Listen well: what entertains us actually enters us. If you are entertained by pornography or sexual fantasy, perverse or corrupting thoughts, you are opening your soul to hell. You must confront this battle honestly, repent of sin, and set a guard over your heart. If you don’t, your battle will advance from temptation to serious, hidden sexual bondage, which in turn will advance to secret attempts to openly fulfill your heightened passions.

    People of Destiny, Take Heed
    Jesus reveals that a major source of this sexual manipulation is the Jezebel spirit (Rev. 2:20). The rampant immorality we see manifested in Western culture underscores the increasing influence of this ruler of darkness. Indeed, compare our world today with cultural standards of just fifty years ago and it’s easy to see that Western civilization is under siege. Too many Christians have their defenses down, and many otherwise good people have slipped into bondage.

    Yet Jezebel’s arsenal includes more than lust; there is also witchcraft, which attacks and works to disarm the conscience. Remember Jehu’s words? “What peace, so long as the harlotries of your mother Jezebel and her witchcrafts are so many?” (2 Kings 9:22).

    We are fighting the harlotries” and “witchcrafts” of Jezebel. Those who have been defeated by this spirit often feel they were drugged by their own passions. They did things that were flagrantly sinful, almost daring God (or the devil) to expose them. I am talking about the war against church leaders. How many more must fall before we realize the need for repentance and discernment?

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    • The Subtle Attack

      The Jezebel spirit is a “man whisperer.” Its approach typically is not bold but enticing — seducing and stimulating the degrading thoughts of human flesh. Its quiet power overwhelms and then disarms the human conscience. In your desire to walk upright before the Lord, what you may actually be fighting is Jezebel — in particular, her many “witchcrafts.”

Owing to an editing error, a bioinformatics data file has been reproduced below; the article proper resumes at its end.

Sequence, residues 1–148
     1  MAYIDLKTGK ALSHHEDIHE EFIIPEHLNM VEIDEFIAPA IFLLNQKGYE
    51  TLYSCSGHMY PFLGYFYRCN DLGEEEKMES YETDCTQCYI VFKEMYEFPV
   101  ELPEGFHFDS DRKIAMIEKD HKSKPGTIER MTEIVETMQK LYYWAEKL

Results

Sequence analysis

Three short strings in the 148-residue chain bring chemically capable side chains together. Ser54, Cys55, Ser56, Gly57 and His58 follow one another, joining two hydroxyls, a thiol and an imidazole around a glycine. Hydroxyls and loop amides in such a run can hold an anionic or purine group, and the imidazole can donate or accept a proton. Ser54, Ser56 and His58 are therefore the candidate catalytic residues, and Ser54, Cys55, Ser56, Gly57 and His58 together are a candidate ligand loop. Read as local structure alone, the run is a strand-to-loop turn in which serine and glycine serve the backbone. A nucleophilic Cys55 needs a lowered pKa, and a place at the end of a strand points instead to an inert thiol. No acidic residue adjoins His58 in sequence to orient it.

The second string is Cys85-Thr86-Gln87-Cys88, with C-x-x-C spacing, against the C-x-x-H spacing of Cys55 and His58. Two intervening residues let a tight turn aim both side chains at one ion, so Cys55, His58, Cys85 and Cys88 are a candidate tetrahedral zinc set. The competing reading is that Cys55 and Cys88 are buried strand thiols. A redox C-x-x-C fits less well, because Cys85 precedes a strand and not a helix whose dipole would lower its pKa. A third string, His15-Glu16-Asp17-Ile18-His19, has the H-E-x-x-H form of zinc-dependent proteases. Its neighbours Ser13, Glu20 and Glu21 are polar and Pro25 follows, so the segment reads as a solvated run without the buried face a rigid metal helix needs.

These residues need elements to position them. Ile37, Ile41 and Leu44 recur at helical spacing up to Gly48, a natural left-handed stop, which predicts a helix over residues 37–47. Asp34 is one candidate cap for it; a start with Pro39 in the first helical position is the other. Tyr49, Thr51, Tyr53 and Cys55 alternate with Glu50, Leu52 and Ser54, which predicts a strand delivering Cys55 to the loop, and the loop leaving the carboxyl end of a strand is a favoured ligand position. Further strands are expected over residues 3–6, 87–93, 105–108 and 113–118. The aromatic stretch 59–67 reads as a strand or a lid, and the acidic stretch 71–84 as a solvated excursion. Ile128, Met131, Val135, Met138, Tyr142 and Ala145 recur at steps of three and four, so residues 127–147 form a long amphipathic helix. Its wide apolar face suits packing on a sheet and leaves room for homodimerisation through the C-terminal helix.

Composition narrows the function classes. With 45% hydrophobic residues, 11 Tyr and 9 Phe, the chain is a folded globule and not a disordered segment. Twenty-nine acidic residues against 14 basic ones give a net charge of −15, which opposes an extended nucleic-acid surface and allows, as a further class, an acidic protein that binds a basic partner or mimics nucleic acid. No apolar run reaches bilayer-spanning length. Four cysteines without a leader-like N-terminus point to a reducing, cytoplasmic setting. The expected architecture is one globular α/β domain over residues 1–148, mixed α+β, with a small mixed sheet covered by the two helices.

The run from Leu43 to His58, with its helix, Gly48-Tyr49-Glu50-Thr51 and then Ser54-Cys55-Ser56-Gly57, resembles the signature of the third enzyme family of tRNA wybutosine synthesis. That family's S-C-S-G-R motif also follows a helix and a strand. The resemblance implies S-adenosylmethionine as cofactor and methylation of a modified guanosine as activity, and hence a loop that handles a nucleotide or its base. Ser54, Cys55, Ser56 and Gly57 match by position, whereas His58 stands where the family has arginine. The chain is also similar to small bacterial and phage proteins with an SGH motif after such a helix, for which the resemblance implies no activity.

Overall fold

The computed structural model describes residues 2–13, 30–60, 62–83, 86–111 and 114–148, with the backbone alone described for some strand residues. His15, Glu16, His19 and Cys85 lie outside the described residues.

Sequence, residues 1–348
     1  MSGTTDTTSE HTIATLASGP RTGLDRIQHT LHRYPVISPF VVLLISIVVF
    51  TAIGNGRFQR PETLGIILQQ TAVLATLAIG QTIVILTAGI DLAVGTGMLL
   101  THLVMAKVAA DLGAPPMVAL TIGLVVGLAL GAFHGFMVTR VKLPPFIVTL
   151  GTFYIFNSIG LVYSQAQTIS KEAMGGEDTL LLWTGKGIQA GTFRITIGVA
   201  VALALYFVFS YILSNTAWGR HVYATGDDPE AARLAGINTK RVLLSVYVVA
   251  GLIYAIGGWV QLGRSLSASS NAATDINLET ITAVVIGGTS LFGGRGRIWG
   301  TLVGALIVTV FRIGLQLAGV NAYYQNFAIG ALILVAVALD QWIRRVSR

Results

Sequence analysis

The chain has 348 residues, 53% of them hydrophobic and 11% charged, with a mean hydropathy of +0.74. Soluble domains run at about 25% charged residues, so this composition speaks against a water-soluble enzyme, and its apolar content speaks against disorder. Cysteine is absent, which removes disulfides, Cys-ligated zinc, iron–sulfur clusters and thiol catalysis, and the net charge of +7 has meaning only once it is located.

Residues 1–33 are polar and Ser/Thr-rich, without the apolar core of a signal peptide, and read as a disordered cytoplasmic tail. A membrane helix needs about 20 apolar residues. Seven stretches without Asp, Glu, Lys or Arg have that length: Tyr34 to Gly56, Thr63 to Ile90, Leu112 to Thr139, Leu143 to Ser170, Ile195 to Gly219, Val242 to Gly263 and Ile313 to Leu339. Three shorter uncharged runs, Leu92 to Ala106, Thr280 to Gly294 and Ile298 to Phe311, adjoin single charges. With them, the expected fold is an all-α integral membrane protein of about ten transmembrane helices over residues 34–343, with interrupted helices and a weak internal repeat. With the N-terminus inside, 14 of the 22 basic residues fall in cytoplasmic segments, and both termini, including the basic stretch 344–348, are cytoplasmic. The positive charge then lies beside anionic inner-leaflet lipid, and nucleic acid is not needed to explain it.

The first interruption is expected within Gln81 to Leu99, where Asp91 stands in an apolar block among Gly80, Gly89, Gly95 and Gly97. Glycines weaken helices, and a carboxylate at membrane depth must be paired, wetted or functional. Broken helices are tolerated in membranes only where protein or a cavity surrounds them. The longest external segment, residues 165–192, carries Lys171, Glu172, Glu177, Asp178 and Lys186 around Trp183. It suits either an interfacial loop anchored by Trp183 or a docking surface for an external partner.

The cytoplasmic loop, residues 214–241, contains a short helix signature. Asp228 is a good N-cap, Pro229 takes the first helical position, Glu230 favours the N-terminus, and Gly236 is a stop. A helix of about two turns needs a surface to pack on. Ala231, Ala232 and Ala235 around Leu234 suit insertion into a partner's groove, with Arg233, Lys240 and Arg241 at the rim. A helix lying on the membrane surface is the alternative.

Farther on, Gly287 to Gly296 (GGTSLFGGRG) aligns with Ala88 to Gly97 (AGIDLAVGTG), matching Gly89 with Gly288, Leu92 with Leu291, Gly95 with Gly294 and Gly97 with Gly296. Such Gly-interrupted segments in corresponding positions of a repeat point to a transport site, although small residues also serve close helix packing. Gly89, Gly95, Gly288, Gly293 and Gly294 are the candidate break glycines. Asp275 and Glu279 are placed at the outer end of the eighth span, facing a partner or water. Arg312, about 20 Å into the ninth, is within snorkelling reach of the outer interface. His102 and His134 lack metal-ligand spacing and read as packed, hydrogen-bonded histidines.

One may argue, “My battle is just sin, not warfare.” Perhaps that is true for you, but for others it is a spiritual attack on an unguarded heart. Its power may be aimed at Christians in general, but its specific target is church leaders and those called to places of authority in God’s kingdom.

      There are times when I think the world has greater discernment than the church. Consider these select words from the old Frank Sinatra song, “Witchcraft”:

      Those fingers in my hair
      That sly come-hither stare
      That strips my conscience bare
      It’s witchcraft
      And I’ve got no defense for it
      The heat is too intense for it
      What good would common sense for it do?
      ’cause it’s witchcraft, wicked witchcraft
      And although I know it’s strictly taboo
      When you arouse the need in me
      My heart says “Yes, indeed” in me
      “Proceed with what you’re leading me to”

      —C. Leigh, C. Coleman

      The song did, in fact, reveal characteristics about the effect of witchcraft. The composers wrote, “[It] strips my conscience bare.” It continues, “I’ve got no defense for it/The heat is too intense for it/What good would common sense for it do?” And then, “When you arouse the need in me/My heart says, ‘Yes, indeed’ in me/’Proceed with what you’re leading me to.’ ”